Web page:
When, if Ever, Mild Disease Should be Treated
Several situations dictate treating mild disease. This applies to settings in which mild disease has a greater likelihood of having a negative impact and particularly when progression is likely. Several important examples follow:
- Pregnancy typically increases thyroid hormone requirements. Hypothyroid patients who are clinically and biochemically euthyroid on stable doses of thyroid hormone generally need significantly more thyroid hormone during pregnancy than they did prior to pregnancy. Untreated hypothyroidism during pregnancy, and as a corollary, suboptimally treated hypothyroidism during pregnancy, increases maternal and fetal risk. Therefore, in order to prevent mild hypothyroidism from becoming overt, evaluating the thyroid status of those with hypothyroidism as early as possible in pregnancy is strongly recommended.
- Infertility—thyroid hormone treatment may improve the chances for conception and eliminate the possibility that it is contributing to infertility. Most important, once pregnant, the argument laid out for treating mild hypothyroidism during pregnancy applies.
- Mental Illness—marked hypothyroidism can cause depression while lesser degrees may contribute to it. Psycho-pharmacologists often maintain that antidepressants are less effective in patients with even mild hypothyroidism. Bipolar patients cycle more rapidly when they are hypothyroid.A number of psychotropic drugs such as lithium, carbamazepine, and sertraline may increase thyroid hormone dose requirements. Thyroid status should be monitored closely when these drugs are about to be introduced and titrated.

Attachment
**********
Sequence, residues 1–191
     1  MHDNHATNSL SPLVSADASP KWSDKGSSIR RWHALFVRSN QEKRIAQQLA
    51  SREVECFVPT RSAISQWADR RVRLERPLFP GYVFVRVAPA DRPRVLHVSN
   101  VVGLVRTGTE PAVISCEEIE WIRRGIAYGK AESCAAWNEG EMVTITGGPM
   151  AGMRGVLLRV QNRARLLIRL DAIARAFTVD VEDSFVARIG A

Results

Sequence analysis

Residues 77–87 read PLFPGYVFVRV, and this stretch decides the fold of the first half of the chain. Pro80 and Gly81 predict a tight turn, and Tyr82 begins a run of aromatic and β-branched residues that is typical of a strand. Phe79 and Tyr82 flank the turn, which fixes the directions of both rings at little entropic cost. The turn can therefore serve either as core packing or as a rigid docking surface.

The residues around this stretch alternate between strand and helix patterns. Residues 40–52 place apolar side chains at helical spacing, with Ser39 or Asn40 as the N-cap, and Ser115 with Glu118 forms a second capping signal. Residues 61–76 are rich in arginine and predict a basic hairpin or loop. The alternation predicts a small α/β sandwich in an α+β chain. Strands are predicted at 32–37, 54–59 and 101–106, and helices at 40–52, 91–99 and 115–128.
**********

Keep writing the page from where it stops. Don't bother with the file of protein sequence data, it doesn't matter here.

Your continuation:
When the Risk of Therapy Outweighs its Benefit and Groups that Should be Treated Most Conservatively
The principal adverse effects from long-term therapy with excessive amounts of thyroid hormone, or clinically evident or subclinical hyperthyroidism, are cardiovascular and skeletal. Studies have shown that up to 20% of patients treated with thyroid hormone are found to have subclinical hyperthyroidism making the risk substantial.
Atrial fibrillation is more common in elderly patients with thyroid hormone excess. It is unknown if the risk is equal in those with mild thyroid hormone excess regardless of whether it is endogenously produced or from overtreatment with thyroid hormone. Different T3 to T4 ratios could account for a difference. Analyses of previously published studies may provide some insight into whether it is more likely in the former situation, which is generally characterized by higher T3 to T4 ratios. In any event, it may be best to follow rather than treat patients with mild and certainly marginal asymptomatic, hypothyroidism with a history of atrial fibrillation or ischemic heart disease, particularly if they are unstable.
Overtreatment with thyroid hormone leads to bone loss, particularly in postmenopausal women. This group constitutes a substantial percentage of those with subclinical hypothyroidism. Care should be taken to avoid overtreatment.